• Chipotle Mexican Grill will test delivery via drones to the Virginia Tech campus. The program will run in conjunction with Project Wing, a division of Alphabet Inc., Google’s parent company. The test will take place from a food truck to assure order accuracy and safety and has been approved by the Federal Aviation Administration.
  • Chipotle has settled more than 100 claims related to the outbreak of foodborne illness. Most of the claims had never been filed in courts and all had been verified by medical tests. One observer termed Chipotle’s handling of the problem as a textbook example of how to deal with food safety claims.
  • Chipotle offers free food to children and students, leading some observers to conclude that the chain is trying to distract attention from a class action lawsuit charging employees were forced to work off the clock without pay, as well as the much-publicized foodborne illness issue. One source called the timing of the discount promotions a coincidence, noting that these programs are set as far as a year in advance.
  • Corporate Stirrings: Wetzel’s Pretzel’s has been purchased by private equity firm CenterOak Partners. This closes out the ownership in Wetzel’s by Levine Leichtman Capital Partners, which sold their interest for seven times their original investment made in 2007. Hedge fund Pershing Square disclosed thru a regulatory filing the investment firm has taken a very substantial stake of 9.9 percent in Chipotle Mexican Grill. Pershing Square’s CEO, Bill Ackman, is now the second largest stockholder in Chipotle and is seeking talks with the company. One Wall Street analyst said Chipotle’s priority need was to increase sales and wondered what Ackman’s plans were to increase sales volume. He also speculated that Ackman may zero in on the hefty compensation earned by Chipotle’s senior management. Cicis announced that the pizza buffet chain has been acquired by the Arlon Group. Velvet Taco received a “significant” strategic growth investment from L Catterton, the largest consumer-focused private equity firm in the world. Terms of the investment were not disclosed. Jimmy John’s Sandwiches has sold a majority stake in the chain to Atlanta-based Roark Capital Group. Jimmy John’s founder Jimmy John Liautaud, who has frequently discussed taking the restaurant company public, will remain as CEO. Zio’s Italian Kitchen filed for Chapter 11 bankruptcy. Headquartered in Dallas, the chain will close 5 of its 15 restaurants and will evaluate the others. Zio’s bankruptcy attorney said that “distress in the oil and gas industry” has exacerbated downward sales trend at causal restaurants. MTY Food Group, headquartered in Montreal, has announced the acquisition of BF Acquisitions Holding LLC, owner of Baja Fresh Mexican Grill and La Salsa Fresh Mexican Grill for $27 million cash. MTY purchased Kahala Brands last month.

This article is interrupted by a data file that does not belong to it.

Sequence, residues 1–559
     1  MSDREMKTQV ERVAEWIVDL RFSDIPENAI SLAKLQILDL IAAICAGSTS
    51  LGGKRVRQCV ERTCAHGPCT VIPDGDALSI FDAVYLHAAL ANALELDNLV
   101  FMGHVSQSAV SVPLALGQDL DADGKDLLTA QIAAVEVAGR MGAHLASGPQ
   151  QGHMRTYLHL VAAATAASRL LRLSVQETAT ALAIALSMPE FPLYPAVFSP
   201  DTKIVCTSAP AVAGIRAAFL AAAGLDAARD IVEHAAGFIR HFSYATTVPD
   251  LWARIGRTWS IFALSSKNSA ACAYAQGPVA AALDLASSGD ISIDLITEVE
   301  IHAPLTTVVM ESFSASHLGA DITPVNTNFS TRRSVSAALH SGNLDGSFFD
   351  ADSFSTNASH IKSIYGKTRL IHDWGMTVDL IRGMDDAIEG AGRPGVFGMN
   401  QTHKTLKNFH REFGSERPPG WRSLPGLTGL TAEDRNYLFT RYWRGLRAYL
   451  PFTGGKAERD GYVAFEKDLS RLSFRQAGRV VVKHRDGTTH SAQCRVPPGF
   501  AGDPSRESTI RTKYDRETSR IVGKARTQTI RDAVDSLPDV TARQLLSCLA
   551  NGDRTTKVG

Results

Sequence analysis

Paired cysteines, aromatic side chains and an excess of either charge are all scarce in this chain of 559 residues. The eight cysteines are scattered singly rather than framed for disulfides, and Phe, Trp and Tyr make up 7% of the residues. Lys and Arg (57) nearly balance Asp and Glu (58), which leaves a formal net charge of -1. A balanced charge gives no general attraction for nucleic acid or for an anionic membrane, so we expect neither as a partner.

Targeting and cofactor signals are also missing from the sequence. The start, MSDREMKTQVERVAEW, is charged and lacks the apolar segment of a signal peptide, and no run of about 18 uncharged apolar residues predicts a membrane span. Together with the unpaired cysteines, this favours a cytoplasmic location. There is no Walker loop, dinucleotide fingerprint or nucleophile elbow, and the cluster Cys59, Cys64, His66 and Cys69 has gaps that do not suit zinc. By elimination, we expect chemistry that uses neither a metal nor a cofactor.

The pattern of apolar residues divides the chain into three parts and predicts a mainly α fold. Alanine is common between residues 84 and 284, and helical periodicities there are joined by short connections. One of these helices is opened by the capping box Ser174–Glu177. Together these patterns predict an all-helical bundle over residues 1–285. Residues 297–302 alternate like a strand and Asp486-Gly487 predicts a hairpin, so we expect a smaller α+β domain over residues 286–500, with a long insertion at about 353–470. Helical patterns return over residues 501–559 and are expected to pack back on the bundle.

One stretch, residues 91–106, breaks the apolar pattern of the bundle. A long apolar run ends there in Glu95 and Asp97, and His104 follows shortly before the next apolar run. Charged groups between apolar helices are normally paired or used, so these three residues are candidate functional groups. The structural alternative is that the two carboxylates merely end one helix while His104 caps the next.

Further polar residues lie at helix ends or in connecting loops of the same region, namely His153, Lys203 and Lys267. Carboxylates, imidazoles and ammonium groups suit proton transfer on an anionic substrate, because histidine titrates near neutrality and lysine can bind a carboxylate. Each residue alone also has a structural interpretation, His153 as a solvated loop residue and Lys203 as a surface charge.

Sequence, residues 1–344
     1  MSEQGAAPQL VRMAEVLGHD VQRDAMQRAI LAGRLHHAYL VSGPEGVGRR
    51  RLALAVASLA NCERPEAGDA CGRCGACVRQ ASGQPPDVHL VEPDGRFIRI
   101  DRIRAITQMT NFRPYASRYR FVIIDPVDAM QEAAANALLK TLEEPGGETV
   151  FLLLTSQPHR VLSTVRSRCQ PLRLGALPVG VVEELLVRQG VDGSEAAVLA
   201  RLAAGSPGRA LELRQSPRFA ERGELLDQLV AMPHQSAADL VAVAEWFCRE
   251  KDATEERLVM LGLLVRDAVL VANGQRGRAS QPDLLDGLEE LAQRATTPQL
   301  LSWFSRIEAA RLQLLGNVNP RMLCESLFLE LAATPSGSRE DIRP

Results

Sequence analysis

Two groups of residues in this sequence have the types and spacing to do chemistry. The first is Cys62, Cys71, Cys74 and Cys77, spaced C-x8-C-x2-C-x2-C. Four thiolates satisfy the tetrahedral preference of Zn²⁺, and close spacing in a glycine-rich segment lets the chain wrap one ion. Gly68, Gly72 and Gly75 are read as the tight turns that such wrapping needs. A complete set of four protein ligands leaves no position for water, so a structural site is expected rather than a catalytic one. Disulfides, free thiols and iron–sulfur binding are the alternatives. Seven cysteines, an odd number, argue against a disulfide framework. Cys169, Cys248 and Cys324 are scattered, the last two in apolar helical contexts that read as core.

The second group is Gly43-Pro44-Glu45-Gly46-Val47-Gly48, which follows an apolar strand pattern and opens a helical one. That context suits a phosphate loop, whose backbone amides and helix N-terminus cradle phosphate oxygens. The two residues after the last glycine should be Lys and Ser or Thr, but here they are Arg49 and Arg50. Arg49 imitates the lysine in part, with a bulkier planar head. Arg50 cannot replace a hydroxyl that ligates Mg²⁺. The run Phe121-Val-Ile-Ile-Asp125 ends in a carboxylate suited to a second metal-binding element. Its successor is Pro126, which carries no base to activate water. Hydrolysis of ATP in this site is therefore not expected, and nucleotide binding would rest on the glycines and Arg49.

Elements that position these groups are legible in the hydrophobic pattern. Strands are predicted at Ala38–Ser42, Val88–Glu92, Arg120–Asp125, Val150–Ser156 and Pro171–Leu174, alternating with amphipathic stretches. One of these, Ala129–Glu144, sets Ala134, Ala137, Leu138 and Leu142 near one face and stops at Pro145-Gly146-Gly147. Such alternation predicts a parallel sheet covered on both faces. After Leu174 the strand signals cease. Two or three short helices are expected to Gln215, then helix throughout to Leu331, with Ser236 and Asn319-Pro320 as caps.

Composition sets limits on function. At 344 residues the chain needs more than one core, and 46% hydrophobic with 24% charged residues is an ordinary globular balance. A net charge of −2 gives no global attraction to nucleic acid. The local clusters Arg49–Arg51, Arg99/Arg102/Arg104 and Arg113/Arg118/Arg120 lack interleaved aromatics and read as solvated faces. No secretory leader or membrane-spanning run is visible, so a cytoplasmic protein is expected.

• Growth Chains: Ray’s Fish & Chips is opening its second restaurant and plans to add four or five more via franchising in the Central Florida area. Cicis will open 70 restaurants by the end of 2017. Newk’s Eatery will open as many 30 restaurants in Florida in the next 5 years. Baskin Robbins signed a multi-unit development agreement for 3 stores in the L.A. area in the next few years. Chipotle Mexican Grill will open 4 restaurants in the Baltimore area. Bosporus Turkish Cuisine is building a commercial kitchen and commissary to support the company’s 2 restaurants in the Orlando area. The chain has a third restaurant under construction in the area and plans to bring more on line “pretty quickly.” Friendly’s will open 4 restaurants a year in 2017 and 2018. Papa John’s will open 60 restaurants in Mexico in the next 8 years.
  • Comparable Store Sales Reports: Dave & Buster’s up 1.0 percent

For details and same-store sales of other chains, see the Green Sheet.